American Elephants


How to Think About Health Care. They’re Talking About the Wrong Things. by The Elephant's Child

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The late Milton Friedman had a way of clarifying the subject. Contrary to “conventional wisdom — health insurance does not make health care more affordable. Perhaps you have noticed.

In his masterpiece Free to Choose, Milton Friedman wrote of four ways to spend money.

  • Category I — You spend your money on something for yourself. Here you are very careful, because it is your money, and the good or service you are buying is for you.
  • Category II — You spend your money on something for someone else. Here you have the same incentive as in Category I to economize, but since you are buying something for someone else, you are not quite as meticulous when it comes to the purchase meeting the needs or values of the recipient.
  • Category III — You spend someone else’s money on something for yourself. Here you are not concerned about how much you spend, because it is not your money. But because you are spending on yourself, you make sure you are getting what you want.
  • Category IVYou spend someone else’s money on something for yet another person or persons (This is what we ask our legislative representatives to do every day.) Here you are the least incentivized to economize, or to buy something that meets the needs or values of the recipient.

Third party payers operate under Friedman’s Category IV — think Medicare and Medicaid. When the government buys goods or services for other people with other peoples’ money, special interest pleading, politics and cronyism run the game. And “leakage” of money through “waste fraud and abuse” is a given.

Private insurance companies are also spending other people’s money — the premiums paid into a risk pool — on medical services for other people. When they negotiate compensation schedules with providers and facilities, they don’t have to bargain hard enough to reach the best price possible. They just have to reach a price that is good enough — one that allows them to charge premiums that compete well with rival insurance companies. They pass on the difference between what they could have negotiated and what they actually negotiated to the customers who pay the premiums.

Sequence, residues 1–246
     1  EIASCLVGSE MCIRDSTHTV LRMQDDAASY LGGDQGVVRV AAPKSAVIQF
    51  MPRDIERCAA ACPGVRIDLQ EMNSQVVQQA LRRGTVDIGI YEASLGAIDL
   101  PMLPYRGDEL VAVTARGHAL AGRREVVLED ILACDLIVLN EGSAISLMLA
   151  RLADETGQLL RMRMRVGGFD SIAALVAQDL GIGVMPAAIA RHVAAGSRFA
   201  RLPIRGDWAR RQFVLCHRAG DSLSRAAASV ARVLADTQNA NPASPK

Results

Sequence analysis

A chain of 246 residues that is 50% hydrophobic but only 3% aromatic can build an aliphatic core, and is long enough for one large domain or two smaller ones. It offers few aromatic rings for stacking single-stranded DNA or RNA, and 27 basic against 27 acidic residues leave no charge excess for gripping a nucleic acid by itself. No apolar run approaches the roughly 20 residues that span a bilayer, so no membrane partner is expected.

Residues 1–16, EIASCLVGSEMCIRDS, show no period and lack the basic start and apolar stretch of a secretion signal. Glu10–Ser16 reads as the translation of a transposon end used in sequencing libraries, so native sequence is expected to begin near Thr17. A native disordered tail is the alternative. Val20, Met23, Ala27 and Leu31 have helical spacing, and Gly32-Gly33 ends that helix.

People who negotiate direct payment from providers get better deals than the insurance companies get. When health care providers give discounts for direct payment they don’t lose money on the process, or they wouldn’t do it. To keep from losing the direct-pay patient  they need to keep their prices acceptable to those paying the bill.

The foregoing is from an article by Dr. Jeffrey A. Singer. It should give you glimmerings of how health care insurance could be better done. Health savings accounts, where tried, have been both extremely popular and extremely effective.

Here’s another example of how medicine can be more affordable and more effective. Competition improves everything. And that goes for insurance too. With stiff competition, insurers will bargain harder to get good prices. When insurance policies have to compete on a national basis, and policies are sold across state lines, costs will come down significantly.  There are hundreds of good ideas from Republicans. Keeping costs down doesn’t have to be slashing payments to doctors and hospitals, increasing deductibles to astronomical levels — that’s a command and control theme, where the left is always stuck. They just can’t give up control.

A small company called 23andMe offers a genetic-testing kit. It consists of a tube into which the customer spits and returns to the company. The actual test is conducted at a lab that is regulated by another agency. The FDA has chosen to go after 23andMe aggressively for marketing a “medical device” even though the only “device” is a plastic tube, and the client cannot cannot undertake further action on the test result without  consulting a health care provider. This kind of device is part of the new economy, favoring the free flow of information. It is completely at odds with the old paternalistic model, in which regulators and the medical establishment control what patients may learn.

Liberals place great faith in the perfectibility of politics. They believe that the next law or the next regulation will make up for imperfect human nature. Freedom, to be sure, is frightening. There is no telling what values free people will hold, or even what they might do. That’s why they are so frightened by the Tea Party. They must be controlled.




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